Wow so many days have passed since my retreat! I meant to write about it as soon as I returned but I was enjoying just ‘being’ for a few days, without going into all the emails and facebook and digital communications. I enjoyed Friday in town, which was novel as I have never spent a day off from work just chilling out around home – it’s always been to go somewhere. I did do a yoga class though, then decided to have my hair cut – the fringe is back! – which I think triggered the cash splurge in Karen Millen as I then fancied a whole new outfit to go with the new hair. A pair of knee-high boots and two dresses later and I was £400 lighter – this after coming back from a meditation retreat about avoiding craving! Ha ha. But then I felt like a new person on the inside, so why not show that on the outside too! I felt like a bit of a wardrobe boost to feel more professional at work as my attired had
grown somewhat slobby in the past few months as I cared less what others thought.
Entering the Big Brother, er, I mean Vipassana house
So, how was it? I think I’ll spread out the experience over a few blogs, as that is how my life was measured out for the duration, making it feel like I was in the reverse of the Big Brother house, where rather than everyone else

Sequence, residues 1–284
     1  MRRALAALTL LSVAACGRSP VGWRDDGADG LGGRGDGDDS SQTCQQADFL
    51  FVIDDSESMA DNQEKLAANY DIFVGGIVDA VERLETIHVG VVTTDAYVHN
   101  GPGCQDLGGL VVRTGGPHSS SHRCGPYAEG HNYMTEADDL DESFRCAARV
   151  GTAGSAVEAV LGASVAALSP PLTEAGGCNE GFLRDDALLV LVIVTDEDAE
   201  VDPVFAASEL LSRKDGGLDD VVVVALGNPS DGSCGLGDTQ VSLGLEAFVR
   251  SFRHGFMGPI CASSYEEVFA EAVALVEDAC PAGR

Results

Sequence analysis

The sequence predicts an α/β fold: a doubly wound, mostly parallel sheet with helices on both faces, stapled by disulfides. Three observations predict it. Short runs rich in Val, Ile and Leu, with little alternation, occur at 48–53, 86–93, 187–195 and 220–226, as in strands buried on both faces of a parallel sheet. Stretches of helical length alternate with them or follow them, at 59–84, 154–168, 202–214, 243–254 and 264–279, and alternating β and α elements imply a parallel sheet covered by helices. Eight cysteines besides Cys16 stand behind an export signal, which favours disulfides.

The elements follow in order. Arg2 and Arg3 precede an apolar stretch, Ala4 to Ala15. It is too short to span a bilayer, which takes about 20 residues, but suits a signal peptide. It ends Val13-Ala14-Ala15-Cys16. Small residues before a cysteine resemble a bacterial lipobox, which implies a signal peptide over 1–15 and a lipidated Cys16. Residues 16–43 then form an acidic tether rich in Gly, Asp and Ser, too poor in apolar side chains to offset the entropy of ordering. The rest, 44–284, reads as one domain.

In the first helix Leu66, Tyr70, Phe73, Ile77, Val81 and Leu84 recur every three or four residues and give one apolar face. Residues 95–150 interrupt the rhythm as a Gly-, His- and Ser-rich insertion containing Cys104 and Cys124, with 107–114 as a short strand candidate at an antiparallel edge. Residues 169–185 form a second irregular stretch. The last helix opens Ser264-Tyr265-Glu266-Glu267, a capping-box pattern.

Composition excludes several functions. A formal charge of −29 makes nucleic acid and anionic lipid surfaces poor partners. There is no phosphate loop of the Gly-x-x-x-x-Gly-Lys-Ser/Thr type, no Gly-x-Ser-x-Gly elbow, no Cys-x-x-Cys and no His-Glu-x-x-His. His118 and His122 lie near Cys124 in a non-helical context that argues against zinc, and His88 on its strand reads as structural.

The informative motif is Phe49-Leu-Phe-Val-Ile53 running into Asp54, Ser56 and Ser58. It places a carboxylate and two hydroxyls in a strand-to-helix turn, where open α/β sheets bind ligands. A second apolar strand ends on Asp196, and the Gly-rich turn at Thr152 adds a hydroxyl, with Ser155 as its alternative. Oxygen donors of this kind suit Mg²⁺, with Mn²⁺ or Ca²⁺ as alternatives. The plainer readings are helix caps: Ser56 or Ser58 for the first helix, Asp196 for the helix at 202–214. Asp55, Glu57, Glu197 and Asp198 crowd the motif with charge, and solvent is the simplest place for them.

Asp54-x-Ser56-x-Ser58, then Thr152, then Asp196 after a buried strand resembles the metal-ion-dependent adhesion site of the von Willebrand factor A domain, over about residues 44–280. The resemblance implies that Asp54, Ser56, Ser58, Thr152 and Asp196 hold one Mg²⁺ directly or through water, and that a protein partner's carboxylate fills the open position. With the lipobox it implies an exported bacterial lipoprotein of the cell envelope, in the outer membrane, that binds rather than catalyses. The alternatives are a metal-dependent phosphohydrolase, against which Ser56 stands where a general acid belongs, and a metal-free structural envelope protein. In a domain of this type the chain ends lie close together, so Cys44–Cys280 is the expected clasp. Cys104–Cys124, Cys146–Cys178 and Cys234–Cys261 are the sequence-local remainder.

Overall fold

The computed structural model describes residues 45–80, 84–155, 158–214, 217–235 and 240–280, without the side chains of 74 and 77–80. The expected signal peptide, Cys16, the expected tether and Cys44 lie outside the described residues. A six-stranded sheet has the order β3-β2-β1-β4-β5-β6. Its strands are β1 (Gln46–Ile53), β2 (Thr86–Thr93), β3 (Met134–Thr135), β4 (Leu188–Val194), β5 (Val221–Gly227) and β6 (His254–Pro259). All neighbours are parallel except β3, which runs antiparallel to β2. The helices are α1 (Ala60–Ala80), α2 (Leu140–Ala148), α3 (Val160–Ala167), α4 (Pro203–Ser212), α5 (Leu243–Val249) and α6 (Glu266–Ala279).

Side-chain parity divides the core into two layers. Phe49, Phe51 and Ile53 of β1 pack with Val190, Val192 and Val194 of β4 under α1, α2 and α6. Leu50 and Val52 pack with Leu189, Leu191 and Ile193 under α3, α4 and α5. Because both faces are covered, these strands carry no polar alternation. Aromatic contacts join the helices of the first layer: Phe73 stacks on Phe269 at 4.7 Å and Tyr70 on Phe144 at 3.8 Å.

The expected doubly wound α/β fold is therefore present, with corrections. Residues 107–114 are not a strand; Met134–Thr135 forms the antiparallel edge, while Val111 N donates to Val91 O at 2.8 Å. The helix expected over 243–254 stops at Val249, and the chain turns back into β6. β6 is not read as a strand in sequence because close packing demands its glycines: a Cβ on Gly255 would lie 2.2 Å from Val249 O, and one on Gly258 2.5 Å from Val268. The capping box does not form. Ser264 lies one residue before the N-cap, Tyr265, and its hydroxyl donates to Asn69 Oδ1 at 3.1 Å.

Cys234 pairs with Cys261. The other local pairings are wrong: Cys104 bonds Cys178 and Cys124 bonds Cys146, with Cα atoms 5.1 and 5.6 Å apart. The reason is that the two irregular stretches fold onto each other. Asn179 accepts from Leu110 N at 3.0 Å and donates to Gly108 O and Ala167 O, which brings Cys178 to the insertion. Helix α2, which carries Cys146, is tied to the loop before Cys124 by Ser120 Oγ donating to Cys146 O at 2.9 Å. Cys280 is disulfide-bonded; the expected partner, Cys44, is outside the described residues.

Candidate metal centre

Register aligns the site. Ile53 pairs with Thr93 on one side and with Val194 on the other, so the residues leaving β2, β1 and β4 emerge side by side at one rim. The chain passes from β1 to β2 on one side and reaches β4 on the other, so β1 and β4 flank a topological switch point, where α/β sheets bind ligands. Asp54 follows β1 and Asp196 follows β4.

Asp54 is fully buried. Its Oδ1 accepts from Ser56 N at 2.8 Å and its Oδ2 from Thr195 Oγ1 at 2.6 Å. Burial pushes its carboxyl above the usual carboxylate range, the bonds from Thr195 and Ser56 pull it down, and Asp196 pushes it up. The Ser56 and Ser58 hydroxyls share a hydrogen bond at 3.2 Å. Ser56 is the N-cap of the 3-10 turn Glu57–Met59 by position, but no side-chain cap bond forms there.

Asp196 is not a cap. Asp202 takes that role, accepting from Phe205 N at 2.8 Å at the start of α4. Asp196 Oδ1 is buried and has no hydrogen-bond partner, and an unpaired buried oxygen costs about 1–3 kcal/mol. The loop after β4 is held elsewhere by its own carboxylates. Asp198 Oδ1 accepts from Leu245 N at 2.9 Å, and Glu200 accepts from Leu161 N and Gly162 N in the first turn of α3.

watching you, you turn your attention within and watch yourself…
Day 0 in the Vipassana house
I arrived in Sherringham ridiculously early, having booked a 9am train just to save myself a fiver (see, I can save money at times). I wandered around the north Norfolk town – a pretty seaside place with pubs, candy shops, lots of tea rooms and trinket shops among the grocers, newsagents and even a small arcade – and had a massive lunch of fish, chips and peas as I didn’t know how much food we’d be getting once the retreat started. When I made my way back to the station, there was a guy also waiting there with a large rucksack, whom I reckoned must be going to the retreat too. Just then, a car turned up and the driver asked whether we were there for the Vipassana retreat. It was only a five-minute drive to the centre – Hill Tops, which is a kids activity centre throughout the year – and as we arrived he said ‘I’ll drop you off first in the men’s lodgings’ addressing the other passenger, ‘then take you to the women’s accommodation’ turning to me. I knew men and women were segregated in sleeping quarters but I didn’t’ realise we were totally separated in different buildings (it’s only at this location, apparently, as the set up facilitates this arrangement).